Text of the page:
Who says that we live in a secular age? I’ll have you know that a recent U.N. climate change conference began with a prayer that the delegates would receive divine inspiration as they went about saving the planet.
Of course, the deity being prayed to was not the God and Father of our Lord Jesus Christ but, rather, a goddess who demanded regular sacrifices, including the occasional human one. Given what is going on at Cancun, this invocation seems oddly fitting.
The “invocation” was given by Christiana Figueres at the start of the conference in Cancun, Mexico. Perhaps inspired by the setting, Figueres invoked the Mayan goddess Ixchel.
Noting that Ixchel was the “goddess of reason, creativity and weaving,” Figueres “prayed” that the jaguar goddess would “inspire” the delegates.
This is the kind of self-parody that even the U.N.’s biggest critics couldn’t make up. Ixchel is often depicted as a “fierce hag” who, in her capriciousness, is just as likely to cause devastating floods as gentle rains that make crops grow.
It’s self-parody, but it’s consistent with the whole out-of-touch atmosphere of the conference. For instance, as delegates met in Cancun, Europe is enjoying the start of its coldest winter in decades—what German meteorologists fear might be the “winter of the millennium.”
It’s not just Europe: the first three days of the conference saw record lows in Cancun. Activists will no doubt say “weather is not climate,” at least when the weather outside is frightful. When it’s hot, they cite as evidence for their argument.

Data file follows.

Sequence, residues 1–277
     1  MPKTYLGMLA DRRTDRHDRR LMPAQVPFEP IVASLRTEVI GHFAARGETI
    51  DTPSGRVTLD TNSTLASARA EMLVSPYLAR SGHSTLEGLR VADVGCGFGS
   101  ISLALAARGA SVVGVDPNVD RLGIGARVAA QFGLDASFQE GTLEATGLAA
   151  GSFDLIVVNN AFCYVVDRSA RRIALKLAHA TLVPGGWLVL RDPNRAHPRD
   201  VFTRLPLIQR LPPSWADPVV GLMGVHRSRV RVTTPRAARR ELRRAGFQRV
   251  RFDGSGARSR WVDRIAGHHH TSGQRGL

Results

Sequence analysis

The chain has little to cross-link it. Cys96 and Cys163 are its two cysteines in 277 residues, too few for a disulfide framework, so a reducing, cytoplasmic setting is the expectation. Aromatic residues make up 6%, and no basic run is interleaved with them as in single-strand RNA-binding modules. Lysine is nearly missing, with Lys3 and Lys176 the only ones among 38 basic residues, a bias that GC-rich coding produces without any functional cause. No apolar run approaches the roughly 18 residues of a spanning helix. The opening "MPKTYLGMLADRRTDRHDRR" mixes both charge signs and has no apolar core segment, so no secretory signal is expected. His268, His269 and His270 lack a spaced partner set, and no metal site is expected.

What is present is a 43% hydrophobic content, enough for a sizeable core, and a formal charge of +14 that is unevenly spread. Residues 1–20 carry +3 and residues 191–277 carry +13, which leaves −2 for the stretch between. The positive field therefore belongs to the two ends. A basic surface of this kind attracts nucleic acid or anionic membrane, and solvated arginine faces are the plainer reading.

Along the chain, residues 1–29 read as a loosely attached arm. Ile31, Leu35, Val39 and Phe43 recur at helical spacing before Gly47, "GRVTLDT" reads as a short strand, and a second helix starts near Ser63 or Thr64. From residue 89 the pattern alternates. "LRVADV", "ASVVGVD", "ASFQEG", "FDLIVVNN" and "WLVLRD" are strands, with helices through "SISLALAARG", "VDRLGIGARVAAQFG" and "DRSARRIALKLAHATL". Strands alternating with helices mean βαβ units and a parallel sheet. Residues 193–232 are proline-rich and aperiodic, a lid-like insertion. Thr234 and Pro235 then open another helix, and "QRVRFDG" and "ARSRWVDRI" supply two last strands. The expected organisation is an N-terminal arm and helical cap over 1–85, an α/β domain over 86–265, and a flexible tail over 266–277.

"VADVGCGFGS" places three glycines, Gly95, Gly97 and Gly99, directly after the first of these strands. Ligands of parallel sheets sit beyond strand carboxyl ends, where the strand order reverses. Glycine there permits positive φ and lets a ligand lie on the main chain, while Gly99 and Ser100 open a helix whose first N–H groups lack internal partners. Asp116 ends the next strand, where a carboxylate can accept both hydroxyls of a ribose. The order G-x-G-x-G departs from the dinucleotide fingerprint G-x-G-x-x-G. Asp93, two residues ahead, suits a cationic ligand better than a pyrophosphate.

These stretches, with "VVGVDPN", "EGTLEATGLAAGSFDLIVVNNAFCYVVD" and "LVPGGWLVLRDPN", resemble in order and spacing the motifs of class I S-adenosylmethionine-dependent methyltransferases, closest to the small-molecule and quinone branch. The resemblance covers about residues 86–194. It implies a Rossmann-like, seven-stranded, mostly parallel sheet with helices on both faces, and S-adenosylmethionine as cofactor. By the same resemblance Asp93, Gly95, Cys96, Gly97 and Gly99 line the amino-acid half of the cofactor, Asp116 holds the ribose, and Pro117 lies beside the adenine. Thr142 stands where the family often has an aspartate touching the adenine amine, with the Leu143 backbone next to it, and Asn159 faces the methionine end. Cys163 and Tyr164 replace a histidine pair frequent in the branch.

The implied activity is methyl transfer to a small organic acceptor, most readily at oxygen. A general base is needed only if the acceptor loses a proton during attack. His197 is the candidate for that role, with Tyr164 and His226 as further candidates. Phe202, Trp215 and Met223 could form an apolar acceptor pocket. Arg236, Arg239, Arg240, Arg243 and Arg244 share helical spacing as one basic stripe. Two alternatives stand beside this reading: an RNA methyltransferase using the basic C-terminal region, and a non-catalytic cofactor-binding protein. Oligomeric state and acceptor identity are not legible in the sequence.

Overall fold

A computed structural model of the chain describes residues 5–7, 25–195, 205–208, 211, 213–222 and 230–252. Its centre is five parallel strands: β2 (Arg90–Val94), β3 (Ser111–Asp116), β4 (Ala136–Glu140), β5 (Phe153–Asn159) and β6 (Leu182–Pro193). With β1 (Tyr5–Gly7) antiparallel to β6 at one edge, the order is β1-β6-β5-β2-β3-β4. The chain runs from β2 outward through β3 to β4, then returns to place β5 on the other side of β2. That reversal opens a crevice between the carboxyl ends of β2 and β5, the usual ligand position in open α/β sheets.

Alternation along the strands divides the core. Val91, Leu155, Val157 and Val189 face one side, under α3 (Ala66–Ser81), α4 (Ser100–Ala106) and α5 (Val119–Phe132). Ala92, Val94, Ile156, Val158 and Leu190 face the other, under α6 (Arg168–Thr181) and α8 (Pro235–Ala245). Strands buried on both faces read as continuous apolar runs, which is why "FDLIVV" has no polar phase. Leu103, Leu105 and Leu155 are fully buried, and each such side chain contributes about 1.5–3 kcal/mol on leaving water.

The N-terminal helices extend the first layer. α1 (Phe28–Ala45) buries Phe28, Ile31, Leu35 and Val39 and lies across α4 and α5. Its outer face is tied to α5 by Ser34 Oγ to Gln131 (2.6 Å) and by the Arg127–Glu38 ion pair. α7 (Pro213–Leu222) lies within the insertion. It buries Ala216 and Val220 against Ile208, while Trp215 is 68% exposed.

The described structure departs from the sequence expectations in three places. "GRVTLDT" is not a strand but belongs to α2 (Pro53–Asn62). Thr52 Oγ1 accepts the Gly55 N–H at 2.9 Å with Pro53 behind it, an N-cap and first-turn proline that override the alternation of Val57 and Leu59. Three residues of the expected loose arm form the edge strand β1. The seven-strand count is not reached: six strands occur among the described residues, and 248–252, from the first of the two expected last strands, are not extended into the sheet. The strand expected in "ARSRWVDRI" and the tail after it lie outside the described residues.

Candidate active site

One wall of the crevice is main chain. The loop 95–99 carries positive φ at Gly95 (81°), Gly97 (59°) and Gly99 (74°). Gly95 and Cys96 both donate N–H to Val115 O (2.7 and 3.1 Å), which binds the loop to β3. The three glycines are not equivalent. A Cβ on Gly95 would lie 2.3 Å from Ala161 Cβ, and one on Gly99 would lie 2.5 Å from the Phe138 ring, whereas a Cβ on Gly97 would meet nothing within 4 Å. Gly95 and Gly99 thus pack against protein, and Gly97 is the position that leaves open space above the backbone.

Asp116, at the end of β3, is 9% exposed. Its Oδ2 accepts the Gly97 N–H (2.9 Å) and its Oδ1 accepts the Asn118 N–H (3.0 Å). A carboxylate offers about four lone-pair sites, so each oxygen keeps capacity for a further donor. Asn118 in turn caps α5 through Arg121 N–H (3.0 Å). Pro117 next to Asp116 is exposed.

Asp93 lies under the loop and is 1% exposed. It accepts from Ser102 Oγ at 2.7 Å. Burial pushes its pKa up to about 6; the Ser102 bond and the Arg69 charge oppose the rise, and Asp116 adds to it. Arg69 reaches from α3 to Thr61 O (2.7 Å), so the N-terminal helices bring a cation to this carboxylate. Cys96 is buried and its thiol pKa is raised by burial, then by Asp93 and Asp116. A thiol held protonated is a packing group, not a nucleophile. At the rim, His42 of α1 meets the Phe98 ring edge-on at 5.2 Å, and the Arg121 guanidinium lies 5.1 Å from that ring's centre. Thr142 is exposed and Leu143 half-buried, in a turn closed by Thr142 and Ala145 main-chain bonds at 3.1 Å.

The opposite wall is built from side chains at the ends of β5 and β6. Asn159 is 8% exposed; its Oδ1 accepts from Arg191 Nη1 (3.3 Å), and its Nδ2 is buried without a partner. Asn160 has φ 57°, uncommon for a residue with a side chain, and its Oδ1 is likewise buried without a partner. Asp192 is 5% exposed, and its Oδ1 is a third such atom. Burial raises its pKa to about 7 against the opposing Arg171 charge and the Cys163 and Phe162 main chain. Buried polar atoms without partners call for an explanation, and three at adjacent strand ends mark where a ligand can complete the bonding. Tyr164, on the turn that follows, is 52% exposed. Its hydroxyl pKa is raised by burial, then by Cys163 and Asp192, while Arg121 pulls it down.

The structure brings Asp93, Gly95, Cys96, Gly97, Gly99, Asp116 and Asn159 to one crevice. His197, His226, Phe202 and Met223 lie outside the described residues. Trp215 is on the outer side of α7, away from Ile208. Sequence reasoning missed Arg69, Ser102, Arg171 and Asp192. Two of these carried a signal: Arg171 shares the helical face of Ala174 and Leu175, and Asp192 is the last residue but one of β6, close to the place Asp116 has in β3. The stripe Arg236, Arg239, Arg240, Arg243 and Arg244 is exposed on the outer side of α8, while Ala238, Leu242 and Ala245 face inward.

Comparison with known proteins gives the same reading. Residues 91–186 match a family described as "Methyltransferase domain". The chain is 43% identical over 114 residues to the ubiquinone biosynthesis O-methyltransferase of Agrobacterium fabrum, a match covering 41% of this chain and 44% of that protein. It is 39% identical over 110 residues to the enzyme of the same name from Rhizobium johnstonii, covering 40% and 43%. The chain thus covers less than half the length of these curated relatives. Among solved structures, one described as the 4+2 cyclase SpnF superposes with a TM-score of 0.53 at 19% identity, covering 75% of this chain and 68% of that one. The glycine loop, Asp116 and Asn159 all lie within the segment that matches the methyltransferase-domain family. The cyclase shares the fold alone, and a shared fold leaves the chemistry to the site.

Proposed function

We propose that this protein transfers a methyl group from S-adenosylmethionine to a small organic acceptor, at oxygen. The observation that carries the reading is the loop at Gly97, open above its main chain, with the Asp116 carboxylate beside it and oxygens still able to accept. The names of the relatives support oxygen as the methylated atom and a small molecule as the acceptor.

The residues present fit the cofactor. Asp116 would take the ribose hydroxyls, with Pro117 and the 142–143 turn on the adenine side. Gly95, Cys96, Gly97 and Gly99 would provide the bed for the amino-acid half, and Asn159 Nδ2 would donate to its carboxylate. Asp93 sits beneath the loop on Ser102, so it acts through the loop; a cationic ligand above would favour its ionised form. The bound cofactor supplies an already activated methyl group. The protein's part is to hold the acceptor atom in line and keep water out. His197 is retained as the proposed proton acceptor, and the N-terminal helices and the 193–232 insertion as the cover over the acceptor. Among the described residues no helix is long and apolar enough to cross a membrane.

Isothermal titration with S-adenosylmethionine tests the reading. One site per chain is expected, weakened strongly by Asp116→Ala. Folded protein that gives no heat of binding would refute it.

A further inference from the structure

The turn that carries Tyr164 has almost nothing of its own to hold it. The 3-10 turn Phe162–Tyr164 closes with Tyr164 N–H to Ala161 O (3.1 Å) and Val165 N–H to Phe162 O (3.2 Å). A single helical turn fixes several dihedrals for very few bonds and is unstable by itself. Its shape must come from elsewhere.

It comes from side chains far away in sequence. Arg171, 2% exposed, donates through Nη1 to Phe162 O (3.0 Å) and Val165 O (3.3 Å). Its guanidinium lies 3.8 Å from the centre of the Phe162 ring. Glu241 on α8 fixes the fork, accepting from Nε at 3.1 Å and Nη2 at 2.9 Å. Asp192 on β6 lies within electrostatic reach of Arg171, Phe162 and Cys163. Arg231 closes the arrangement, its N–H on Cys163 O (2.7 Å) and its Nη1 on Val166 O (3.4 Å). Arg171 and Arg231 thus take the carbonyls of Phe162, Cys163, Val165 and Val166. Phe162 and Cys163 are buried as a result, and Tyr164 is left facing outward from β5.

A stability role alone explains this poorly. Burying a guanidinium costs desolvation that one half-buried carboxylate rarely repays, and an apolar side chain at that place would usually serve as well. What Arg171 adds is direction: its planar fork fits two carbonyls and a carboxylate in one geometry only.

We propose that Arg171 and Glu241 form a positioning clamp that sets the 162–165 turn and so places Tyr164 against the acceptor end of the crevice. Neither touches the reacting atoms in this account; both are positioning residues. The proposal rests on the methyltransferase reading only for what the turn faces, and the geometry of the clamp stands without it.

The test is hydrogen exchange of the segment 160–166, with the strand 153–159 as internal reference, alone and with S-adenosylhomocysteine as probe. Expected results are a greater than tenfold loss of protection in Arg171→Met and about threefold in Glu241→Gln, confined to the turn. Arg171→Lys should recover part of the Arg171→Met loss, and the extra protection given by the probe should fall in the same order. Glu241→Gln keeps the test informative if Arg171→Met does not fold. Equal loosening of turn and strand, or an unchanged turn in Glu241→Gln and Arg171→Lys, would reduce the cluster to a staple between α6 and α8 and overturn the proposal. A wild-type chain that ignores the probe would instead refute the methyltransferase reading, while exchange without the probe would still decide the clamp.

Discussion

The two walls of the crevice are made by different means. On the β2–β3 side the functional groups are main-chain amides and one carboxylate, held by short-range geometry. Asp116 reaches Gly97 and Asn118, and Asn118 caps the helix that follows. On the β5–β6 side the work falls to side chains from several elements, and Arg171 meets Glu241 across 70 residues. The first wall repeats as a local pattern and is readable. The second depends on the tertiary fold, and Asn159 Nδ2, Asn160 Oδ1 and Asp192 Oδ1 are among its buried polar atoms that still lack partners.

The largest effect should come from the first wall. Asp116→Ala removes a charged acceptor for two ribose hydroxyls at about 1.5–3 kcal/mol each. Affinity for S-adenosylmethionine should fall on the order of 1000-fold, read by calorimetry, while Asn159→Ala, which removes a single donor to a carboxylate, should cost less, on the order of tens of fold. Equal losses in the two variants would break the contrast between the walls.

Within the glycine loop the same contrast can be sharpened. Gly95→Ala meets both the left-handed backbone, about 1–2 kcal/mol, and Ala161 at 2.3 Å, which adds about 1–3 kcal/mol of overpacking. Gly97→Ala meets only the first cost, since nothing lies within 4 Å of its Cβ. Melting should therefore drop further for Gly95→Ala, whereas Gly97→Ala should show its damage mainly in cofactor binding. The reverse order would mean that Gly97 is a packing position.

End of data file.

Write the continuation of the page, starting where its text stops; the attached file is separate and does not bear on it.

Unfortunately for them, one of their number has let the cat out of the bag. Economist Ottmar Edenhofer, a member of the Intergovernmental Panel on Climate Change, told a Zurich newspaper what many climate change skeptics already knew: what is going on Cancun, and for that matter, in Copenhagen and Kyoto before that, has little to do with climate.
Edenhofer told the paper that climate policy “has almost nothing to do with environmental policy anymore.” Instead, meetings like the one in Cancun are about “global trade and financial policies.” They are about a redistribution of the world’s resources from the industrialized world to the developing world.
There is nothing per se wrong about talking about how to make poorer countries more wealthy. And there is certainly nothing wrong with discussions about more equitable trade and financial policies. What’s wrong is doing under the guise of “climate change” with all the fear-mongering associated with the subject.
Not only is it dishonest —it’s counterproductive.
Well-known environmental writer Bjorn Lomborg isn’t a climate-change skeptic, but he convincingly argues that for a fraction of what activists propose we spend on curbing CO2 emissions, we could make a significant dent in truly-pressing problems like HIV/AIDS, malaria, malnutrition, clean water and sanitation. These kinds of investments could save hundreds of millions of lives.
But there’s no indication that the U.N. climate change officials lifted up these concerns before their Mayan goddess.